So Pakistan has lost what many think is the be-all and end-all of their World Cup dream. Many would take a victory over India than a place in the Finals of the tournament, such is the sentimental value attached to the sport, and it’s most riveting rivalry.
While the loss could have been expected, given India’s dominance over Pakistan in World Cups, there is a feeling that this was probably an opportunity missed, keeping in mind India’s recent woes on their tour of Down Under. But this was definitely not the best Pakistani lineup to come up against India in a World Cup.
One can hardly call any one the eleven who were selected to be an ODI great. Misbah-ul-Haq and Shahid Afridi might be considered by many as greats, but just as many would disagree!
But not having a handful of greats should not be an excuse for the defeat. In fact there should be no excuses. Granted that the team does not have at its disposal the legends of World Cups past; the team does have enough firepower to defy expectations, and morph into a good ODI unit.
All of Pakistan’s recent problems can be traced back to a couple of events from late last year:
- The banning of Mohammad Hafeez from bowling in international
- The dropping of Younis Khan from the ODI unit for the Australia series, and his tirade afterwards (in Septmeber).
The banning of Hafeez from bowling in internationals was probably the biggest setback for Team Green. Not only is Professor a better opener than Younis, he also provided the team with a genuine fifth bowler option. Hafeez was no part-timer with the ball; he was an attacking bowler with an exceptionally good economy rate, who could open the bowling.
But that happened a few series ago. Pakistan never had a Plan B, a reserve allrounder as good as Hafeez. Pakistan tried making do with Haris Sohail, Ahmed Shahzad and Younis sharing ten overs between them but that experiment never bore any fruit, which forced a rethink of the team’s composition.
It was decided that five specialist bowlers would play. But who would make room for the fifth bowler to come in? Instead of dropping your worst performing batsman, Pakistan chose to get rid of the most specialized position that the sport has: the wicketkeeper, Sarfraz Ahmed.
Not only had Sarfraz done better than Younis recently with the bat (barring Younis’ century against New Zealand which did not result in a win), Sarfraz had also performed decently as an opener in the couple of games that he was handed an opportunity.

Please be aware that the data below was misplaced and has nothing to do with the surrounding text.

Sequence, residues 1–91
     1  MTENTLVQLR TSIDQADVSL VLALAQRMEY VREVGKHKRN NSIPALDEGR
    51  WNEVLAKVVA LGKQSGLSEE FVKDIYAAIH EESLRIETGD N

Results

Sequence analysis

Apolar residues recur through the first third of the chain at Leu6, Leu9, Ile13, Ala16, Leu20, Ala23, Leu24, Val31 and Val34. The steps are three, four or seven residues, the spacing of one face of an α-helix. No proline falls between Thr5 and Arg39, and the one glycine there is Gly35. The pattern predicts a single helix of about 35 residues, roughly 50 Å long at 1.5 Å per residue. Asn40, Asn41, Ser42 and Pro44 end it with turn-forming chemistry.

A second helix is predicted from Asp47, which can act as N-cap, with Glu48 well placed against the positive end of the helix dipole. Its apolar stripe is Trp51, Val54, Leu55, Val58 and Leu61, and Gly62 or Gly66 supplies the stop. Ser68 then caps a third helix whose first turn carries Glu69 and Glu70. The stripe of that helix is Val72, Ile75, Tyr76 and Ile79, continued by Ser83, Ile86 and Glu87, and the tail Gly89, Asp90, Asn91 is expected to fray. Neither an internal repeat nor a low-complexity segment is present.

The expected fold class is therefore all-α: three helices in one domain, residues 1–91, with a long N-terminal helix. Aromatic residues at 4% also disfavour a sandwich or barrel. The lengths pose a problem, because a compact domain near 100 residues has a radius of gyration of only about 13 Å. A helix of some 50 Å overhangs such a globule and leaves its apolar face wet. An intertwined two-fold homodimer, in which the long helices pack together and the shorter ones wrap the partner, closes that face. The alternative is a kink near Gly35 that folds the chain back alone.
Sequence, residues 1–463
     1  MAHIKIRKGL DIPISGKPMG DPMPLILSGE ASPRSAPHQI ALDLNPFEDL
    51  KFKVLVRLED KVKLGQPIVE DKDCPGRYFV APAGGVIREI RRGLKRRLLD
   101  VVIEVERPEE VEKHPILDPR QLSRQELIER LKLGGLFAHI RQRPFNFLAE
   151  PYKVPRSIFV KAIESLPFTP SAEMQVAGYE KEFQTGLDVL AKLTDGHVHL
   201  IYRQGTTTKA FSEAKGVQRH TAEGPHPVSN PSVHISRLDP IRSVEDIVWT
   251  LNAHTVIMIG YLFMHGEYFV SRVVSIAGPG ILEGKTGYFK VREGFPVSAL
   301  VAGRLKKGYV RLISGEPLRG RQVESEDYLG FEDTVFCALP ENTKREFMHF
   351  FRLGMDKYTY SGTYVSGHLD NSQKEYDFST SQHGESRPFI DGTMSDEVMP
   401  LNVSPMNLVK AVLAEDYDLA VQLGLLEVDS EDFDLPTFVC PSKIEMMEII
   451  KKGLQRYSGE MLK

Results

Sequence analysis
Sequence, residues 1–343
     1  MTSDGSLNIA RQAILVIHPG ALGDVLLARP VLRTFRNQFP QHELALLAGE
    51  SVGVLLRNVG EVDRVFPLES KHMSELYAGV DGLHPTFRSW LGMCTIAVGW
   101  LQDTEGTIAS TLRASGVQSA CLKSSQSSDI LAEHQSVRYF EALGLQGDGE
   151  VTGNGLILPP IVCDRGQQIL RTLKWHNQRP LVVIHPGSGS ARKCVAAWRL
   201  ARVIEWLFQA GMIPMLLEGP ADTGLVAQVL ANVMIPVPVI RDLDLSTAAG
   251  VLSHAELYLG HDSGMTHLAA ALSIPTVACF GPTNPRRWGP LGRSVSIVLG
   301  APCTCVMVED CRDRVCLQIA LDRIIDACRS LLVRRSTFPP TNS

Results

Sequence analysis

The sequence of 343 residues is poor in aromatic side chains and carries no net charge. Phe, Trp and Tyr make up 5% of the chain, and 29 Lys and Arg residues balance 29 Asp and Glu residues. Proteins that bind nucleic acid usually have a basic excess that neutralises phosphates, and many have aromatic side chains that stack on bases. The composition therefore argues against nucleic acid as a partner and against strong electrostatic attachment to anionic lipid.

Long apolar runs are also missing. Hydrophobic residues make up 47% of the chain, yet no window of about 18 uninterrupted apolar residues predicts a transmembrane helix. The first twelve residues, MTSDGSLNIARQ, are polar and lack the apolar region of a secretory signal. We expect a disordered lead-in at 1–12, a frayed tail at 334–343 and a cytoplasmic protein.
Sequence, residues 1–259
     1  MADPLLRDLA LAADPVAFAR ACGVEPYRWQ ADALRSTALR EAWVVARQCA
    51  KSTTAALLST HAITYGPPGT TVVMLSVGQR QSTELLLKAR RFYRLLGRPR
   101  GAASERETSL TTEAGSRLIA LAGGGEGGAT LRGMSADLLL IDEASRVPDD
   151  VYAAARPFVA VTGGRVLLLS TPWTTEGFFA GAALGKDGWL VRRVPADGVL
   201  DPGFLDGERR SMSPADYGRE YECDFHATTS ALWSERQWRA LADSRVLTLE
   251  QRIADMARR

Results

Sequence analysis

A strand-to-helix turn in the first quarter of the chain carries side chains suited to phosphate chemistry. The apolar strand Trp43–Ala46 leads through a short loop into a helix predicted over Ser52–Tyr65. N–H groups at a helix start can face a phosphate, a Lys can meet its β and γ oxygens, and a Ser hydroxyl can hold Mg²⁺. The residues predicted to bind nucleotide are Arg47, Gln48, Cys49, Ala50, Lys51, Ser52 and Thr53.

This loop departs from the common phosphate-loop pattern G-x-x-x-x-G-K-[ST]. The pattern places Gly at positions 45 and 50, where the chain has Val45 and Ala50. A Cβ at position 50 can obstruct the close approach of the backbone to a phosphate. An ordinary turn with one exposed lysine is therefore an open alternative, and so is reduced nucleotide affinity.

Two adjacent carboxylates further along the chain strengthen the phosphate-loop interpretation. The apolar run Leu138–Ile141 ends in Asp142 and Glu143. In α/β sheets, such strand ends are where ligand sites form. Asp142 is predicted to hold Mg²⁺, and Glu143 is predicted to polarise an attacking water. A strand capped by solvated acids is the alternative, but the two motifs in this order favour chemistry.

That, in turn meant that Umar Akmal would keep wickets for Pakistan. All the Akmal jokes aside, Umar has never been too keen on having the dual responsibility. Moreover, throughout the preceding series, Umar had not kept wickets, and was probably rusty when the time came to step up. You can’t blame a part-time wicketkeeper for a drop, just as you wouldn’t blame a part-time bowler for leaking 80 in 10!
Opening with Younis meant that he himself was playing in a position unfamiliar to him. To do so, in foreign conditions is absurd. To do so against India, in what might be the highest pressure game for the team, is outright crazy.
Not only was the opening partnership new and unsettled, our number 3 was a raw player, who had never played at first drop. Playing Haris Sohail at that position was not only a disservice to the batsman, but also one against the team’s balance and its middle order.
If blame is to be placed on someone, it has to be the management; the captain, coach, and selectors on tour. Their inability and/or reluctance to drop Younis Khan from the playing XI has robbed the team of balance. Selecting Younis does not mean just choosing him over another batsman; it has consequences that go beyond just one position out of the XI; an unsettled opening pair, a raw number 3, a weaker middle order, and a part-time keeper.
No one has ever doubted Younis’ commitment to the team, his patriotism, his fitness, or his work ethic. But more than anything, his form needs to be evaluated. Younis may well be our best Test batsman, and one of our top 5 ever, but his one day record has been ordinary overall, more so of late. It’s time that the management realizes that his use-by date has come and gone, and his inclusion will hurt the team more than helping it. For Pakistan’s fortunes to take a turn for the positive, the stalwart has to be benched.